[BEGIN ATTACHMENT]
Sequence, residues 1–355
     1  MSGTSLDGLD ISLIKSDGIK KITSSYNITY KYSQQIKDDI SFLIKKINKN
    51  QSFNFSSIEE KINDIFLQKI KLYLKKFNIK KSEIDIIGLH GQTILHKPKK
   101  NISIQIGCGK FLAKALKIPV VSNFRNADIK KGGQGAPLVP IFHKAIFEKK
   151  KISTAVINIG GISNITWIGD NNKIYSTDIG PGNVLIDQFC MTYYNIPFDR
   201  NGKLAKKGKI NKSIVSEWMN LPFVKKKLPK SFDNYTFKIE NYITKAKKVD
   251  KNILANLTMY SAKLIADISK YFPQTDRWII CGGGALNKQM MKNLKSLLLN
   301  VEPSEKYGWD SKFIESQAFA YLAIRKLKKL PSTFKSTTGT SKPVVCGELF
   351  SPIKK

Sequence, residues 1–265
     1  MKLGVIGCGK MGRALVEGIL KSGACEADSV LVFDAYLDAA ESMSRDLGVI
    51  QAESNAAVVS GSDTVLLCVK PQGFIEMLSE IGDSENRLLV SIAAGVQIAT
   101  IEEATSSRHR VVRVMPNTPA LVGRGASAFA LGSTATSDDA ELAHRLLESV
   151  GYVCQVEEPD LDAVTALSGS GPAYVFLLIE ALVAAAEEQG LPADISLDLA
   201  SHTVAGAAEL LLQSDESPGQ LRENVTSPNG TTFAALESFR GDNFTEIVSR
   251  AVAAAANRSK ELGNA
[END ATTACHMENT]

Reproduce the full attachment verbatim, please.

Sequence, residues 1–355
     1  MSGTSLDGLD ISLIKSDGIK KITSSYNITY KYSQQIKDDI SFLIKKINKN
    51  QSFNFSSIEE KINDIFLQKI KLYLKKFNIK KSEIDIIGLH GQTILHKPKK
   101  NISIQIGCGK FLAKALKIPV VSNFRNADIK KGGQGAPLVP IFHKAIFEKK
   151  KISTAVINIG GISNITWIGD NNKIYSTDIG PGNVLIDQFC MTYYNIPFDR
   201  NGKLAKKGKI NKSIVSEWMN LPFVKKKLPK SFDNYTFKIE NYITKAKKVD
   251  KNILANLTMY SAKLIADISK YFPQTDRWII CGGGALNKQM MKNLKSLLLN
   301  VEPSEKYGWD SKFIESQAFA YLAIRKLKKL PSTFKSTTGT SKPVVCGELF
   351  SPIKK

Sequence, residues 1–265
     1  MKLGVIGCGK MGRALVEGIL KSGACEADSV LVFDAYLDAA ESMSRDLGVI
    51  QAESNAAVVS GSDTVLLCVK PQGFIEMLSE IGDSENRLLV SIAAGVQIAT
   101  IEEATSSRHR VVRVMPNTPA LVGRGASAFA LGSTATSDDA ELAHRLLESV
   151  GYVCQVEEPD LDAVTALSGS GPAYVFLLIE ALVAAAEEQG LPADISLDLA
   201  SHTVAGAAEL LLQSDESPGQ LRENVTSPNG TTFAALESFR GDNFTEIVSR
   251  AVAAAANRSK ELGNA